UPDATED Outremont (et al) revisited: Buying the by-elections

UPDATED, FIXED, ETC – Never. Doing. Math. Again.

First of all, apologies for the delay in posting the promised graphic — it turns out that my spreadsheet skillz are somewhat less mad than I realized, and it took for-bleeding-ever to figure out how to make Google Docs do my math homework. Then WordPress was unwilling to accept the code to embed the data in a blog post, at which point the HTML export function stubbornly refused to preserve my meticulously-crafted colour scheme, which meant converting it into JPG format, and … yeah. I’ll spare y’all the rest of the gory details and give you the final version of the Election Financing Graph That Ate My Brain:

Note: These numbers represent advertising expenses only, and were calculated using party and candidate returns.

UPDATE: Also, now actually using the right numbers, which (luckily) didn’t change the overall trends in spending between parties and ridings terribly much, so my original analysis wasn’t completely off. (Thanks to the Jurist for noting my incredibly silly error.)

So, what can we learn by reading the (by)electoral entrails? A few things, actually:

Taking into account spending by both candidate and party, the Conservatives spent nearly twice and three times as much as the Liberals and Bloc Quebecois respectively, although at least in their case, they did manage to snag a seat that had previously been held by a rival party.

Interestingly, Saint-Hyacinthe-Bagot — where the Tory candidate lost, but increased his party’s share of the vote by a decent margin — cost the party more money than Roberval, which it won. As for Outremont, they seem to have decided early on in the campaign to leave that race to the Liberals and the NDP, which allowed the party to concentrate on the two ridings where the Conservatives had a chance of unseating the Bloc.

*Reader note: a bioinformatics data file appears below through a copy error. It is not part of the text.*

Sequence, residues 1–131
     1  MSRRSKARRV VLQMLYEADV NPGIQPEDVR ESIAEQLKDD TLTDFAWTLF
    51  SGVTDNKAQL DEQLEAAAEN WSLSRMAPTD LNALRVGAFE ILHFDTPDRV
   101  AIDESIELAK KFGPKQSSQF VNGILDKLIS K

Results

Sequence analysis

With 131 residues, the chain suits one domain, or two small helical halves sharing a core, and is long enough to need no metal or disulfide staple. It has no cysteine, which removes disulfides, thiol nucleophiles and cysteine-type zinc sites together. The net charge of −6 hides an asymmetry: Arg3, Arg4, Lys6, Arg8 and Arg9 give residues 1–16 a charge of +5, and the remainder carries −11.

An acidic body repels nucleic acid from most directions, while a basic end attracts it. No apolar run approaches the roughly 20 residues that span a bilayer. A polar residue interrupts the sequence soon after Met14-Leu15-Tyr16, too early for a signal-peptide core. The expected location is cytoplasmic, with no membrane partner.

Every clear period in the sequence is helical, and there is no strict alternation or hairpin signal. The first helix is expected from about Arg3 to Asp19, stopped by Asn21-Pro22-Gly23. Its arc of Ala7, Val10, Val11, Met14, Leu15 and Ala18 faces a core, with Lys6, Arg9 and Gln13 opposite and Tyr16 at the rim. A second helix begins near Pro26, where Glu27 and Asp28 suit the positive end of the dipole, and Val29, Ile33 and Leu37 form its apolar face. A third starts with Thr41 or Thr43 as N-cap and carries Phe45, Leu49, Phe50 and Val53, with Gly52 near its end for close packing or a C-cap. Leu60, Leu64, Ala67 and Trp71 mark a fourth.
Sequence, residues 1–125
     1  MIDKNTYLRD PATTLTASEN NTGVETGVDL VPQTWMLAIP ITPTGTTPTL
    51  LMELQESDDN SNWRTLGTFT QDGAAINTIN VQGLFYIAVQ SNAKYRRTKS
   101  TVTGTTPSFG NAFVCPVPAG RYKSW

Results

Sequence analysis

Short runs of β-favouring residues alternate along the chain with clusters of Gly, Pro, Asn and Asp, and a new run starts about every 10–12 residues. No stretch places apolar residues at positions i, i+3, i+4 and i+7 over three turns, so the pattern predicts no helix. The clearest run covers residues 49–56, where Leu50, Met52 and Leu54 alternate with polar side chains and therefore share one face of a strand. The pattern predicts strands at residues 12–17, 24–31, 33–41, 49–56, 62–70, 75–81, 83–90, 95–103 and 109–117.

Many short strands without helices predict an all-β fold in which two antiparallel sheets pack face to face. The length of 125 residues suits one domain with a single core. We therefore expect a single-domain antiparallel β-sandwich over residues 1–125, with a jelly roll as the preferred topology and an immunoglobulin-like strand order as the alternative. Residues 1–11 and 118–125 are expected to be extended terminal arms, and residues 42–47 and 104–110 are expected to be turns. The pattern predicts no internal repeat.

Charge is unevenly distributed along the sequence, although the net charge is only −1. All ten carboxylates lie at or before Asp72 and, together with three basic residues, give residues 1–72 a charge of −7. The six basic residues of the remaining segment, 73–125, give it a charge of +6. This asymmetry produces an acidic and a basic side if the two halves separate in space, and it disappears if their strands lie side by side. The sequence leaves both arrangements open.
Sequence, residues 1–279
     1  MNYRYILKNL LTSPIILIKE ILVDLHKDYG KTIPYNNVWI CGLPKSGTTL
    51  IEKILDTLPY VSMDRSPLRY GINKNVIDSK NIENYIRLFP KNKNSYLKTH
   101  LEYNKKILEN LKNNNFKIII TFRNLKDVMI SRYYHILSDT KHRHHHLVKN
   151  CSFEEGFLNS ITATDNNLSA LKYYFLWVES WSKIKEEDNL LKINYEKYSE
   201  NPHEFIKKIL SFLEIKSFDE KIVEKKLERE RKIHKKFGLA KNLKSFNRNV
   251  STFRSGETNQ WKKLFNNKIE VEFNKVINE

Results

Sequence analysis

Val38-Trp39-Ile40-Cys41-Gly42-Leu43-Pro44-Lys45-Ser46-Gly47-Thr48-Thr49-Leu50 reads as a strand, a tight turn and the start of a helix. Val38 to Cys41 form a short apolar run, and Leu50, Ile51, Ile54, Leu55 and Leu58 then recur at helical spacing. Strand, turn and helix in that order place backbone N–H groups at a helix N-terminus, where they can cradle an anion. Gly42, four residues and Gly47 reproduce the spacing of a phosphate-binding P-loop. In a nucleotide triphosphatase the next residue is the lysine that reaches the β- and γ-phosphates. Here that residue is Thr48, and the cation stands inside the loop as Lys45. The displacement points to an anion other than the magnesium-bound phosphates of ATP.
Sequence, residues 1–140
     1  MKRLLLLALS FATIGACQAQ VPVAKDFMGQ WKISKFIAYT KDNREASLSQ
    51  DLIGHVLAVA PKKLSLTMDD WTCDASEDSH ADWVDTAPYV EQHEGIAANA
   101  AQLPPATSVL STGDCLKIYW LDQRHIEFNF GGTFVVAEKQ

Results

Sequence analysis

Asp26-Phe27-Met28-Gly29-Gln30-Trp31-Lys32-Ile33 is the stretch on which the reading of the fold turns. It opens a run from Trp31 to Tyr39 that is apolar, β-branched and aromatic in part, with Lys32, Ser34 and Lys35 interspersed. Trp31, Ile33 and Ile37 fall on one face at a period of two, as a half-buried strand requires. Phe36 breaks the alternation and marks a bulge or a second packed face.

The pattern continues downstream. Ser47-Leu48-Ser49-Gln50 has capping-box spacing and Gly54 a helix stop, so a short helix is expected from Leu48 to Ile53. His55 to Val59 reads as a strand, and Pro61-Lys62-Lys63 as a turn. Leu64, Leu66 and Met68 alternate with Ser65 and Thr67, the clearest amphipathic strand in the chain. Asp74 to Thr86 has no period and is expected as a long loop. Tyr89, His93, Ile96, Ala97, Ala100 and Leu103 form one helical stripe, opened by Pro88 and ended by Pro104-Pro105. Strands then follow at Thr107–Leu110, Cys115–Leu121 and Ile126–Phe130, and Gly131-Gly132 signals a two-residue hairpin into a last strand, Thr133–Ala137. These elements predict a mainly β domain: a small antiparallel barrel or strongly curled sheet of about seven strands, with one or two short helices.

As for the Liberals, not surprisingly the party blew virtually its entire advertising allotment in Outremont — more than $75 $46 K total, compared to less than $4,000 in the other two ridings combined, which is more than ten four times as much as the zero dollars that the NDP, as a party, paid for Thomas Mulchair’s eventual victory. As for the candidates, they spent the limit in both Outremont and Roberval, but less than half that in Saint-Hyacinthe.

Meanwhile, the NDP scrupulously divided its party expense limit pie equally amongst all three ridings – okay, an extra dime for Roberval – with not a cent going to advertising. In fact, the only race in which the candidate spent up to the limit was, not surprisingly, Outremont.

Finally, the Bloc Quebecois didn’t fork out a cent of party money, which makes Saint-Hyacinthe the most affordable seat of all three ridings, although they did end up losing Roberval to the Conservatives, despite the fact that their candidate had the highest advertising expenses of any of the three Bloc hopefuls.

Based on these numbers, ITQ is ready to make the following prediction:

  • The Conservatives will likely spend more than $300 K total on advertising in the upcoming by-elections; that, of course, includes both candidate and party spending – and will probably divide it roughly 60/30/10 between Guelph, Saint-Lambert and Westmount.
  • The Liberals, on the other hand, won’t bother blanketing Westmount with party-funded ads, although Marc Garneau will come close to hitting the candidate limit, and will probably only fork out a few thousand dollars at most in Saint-Lambert, which will leave the party with at least $150,000 in mad ad money to plow into Guelph.
  • Finally, unless party rules require equal spending in by-elections, the NDP will likely not follow the policy of splitting the money three ways, but will instead focus on the two ridings with “star” candidates: Westmount and Guelph.
  • As for the Bloc Quebecois, since they only have one riding to worry about, there’s little mystery where the party will spend its money — if it doesn’t just leave it up to the candidates, as was the case in 2007.

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